Thorny aesthetic phenomena? [Like Christo's gates?] Difficult music? [Like Wilco's drone?] Is Chang correct in asserting that spectators can enhance their tastes and appreciation skills via training, or is he full of BS?



Discuss.



Eric
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the night watchman
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PostPosted: 03.12.2005 7:08 pm    Post subject: Reply with quote

beltmann wrote:
Is Chang correct in asserting that spectators can enhance their tastes and appreciation skills via training, or is he full of BS?





I think the creative process and the receptive process regarding art are both non-rational (insane?). It doesn't do to think too much while creating art or experiencing it. However, you must engage the intellect to ascertain and articulate (to yourself and others) how a piece of art is affecting you. So thinking about art, or the experience of art, may be the sort of "training" that enhances taste and broadens appreciation that Chang is talking about.
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beltmann
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Location: West Bend, WI

PostPosted: 03.12.2005 7:36 pm    Post subject: Reply with quote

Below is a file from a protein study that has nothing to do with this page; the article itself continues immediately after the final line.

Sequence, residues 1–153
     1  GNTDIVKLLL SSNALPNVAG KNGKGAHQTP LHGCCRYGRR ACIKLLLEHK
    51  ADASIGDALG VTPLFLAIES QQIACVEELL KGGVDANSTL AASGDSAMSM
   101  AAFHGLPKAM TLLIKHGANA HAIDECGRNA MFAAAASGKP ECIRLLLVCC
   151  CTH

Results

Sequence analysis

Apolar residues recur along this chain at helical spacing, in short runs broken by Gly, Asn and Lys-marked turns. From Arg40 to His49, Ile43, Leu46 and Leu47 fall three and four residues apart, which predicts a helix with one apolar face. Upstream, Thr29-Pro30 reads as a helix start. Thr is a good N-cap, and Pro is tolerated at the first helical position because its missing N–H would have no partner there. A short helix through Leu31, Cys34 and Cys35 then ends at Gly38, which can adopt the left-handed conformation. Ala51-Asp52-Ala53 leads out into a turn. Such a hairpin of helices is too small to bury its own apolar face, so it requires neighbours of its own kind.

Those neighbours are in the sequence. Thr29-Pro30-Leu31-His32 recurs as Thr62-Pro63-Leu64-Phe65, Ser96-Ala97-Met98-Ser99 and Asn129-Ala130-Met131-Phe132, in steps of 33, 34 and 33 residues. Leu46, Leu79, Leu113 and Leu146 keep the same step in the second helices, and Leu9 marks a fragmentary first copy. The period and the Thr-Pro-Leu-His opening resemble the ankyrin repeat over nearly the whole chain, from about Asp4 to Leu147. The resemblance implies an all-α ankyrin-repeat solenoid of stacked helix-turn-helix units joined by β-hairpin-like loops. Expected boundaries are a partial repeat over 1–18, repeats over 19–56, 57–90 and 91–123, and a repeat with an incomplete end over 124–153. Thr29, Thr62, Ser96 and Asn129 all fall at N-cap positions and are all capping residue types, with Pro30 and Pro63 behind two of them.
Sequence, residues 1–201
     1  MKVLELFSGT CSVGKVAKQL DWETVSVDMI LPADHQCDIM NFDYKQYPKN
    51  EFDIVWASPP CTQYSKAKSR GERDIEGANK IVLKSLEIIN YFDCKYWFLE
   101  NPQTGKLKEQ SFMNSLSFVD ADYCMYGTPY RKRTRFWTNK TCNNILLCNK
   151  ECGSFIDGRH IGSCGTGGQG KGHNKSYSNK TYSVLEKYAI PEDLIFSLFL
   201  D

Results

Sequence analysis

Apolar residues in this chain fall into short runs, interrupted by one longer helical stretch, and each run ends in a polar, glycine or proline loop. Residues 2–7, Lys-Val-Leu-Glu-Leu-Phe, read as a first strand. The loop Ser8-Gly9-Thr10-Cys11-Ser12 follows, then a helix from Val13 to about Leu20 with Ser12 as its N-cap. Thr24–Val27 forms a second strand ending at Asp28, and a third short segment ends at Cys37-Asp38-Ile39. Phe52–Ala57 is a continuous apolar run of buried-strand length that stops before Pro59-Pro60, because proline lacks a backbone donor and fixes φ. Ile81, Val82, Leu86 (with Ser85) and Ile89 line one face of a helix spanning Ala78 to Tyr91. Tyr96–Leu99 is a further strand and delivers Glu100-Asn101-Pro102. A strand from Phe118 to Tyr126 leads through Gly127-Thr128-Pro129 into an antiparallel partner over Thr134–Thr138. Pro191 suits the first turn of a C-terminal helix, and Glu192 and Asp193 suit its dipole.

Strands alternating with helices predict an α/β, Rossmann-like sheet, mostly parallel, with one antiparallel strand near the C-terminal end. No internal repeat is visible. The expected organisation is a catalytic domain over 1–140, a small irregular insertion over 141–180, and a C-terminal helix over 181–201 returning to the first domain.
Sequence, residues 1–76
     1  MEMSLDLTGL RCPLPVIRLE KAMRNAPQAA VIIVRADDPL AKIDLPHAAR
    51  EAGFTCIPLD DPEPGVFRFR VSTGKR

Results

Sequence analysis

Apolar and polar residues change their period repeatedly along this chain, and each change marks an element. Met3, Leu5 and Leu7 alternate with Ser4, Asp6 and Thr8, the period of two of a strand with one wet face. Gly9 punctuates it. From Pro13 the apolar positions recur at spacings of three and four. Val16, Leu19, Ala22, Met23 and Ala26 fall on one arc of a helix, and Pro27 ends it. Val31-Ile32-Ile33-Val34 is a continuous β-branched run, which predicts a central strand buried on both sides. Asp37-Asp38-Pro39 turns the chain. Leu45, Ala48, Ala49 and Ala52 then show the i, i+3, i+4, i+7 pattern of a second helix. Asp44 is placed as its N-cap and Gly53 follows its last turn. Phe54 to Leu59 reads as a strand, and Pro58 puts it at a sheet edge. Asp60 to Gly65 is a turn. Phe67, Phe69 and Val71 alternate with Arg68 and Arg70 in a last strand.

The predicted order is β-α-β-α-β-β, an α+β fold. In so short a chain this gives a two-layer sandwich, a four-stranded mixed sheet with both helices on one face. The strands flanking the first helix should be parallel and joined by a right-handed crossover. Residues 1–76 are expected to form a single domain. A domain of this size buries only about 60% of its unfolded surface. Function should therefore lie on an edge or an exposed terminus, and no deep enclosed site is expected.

the night watchman wrote:
I think the creative process and the receptive process regarding art are both non-rational (insane?).


I agree, but are those processes exclusively non-rational? Is there room for creation and reception that resides almost entirely within the realms of rationality or the intellect? Are you talking about a definition of or a preference for a certain kind of creative process?



Quote:
It doesn't do to think too much while creating art or experiencing it.


Is this always true? Is there something inherently wrong or inferior about art rooted primarily within the artist's rational thought processes?



Quote:
So thinking about art, or the experience of art, may be the sort of "training" that enhances taste and broadens appreciation that Chang is talking about.


Can we deepen how we think about art through formal, dedicated--whether academic or personal--training? Can we train our brains to engage with art on a deeper level?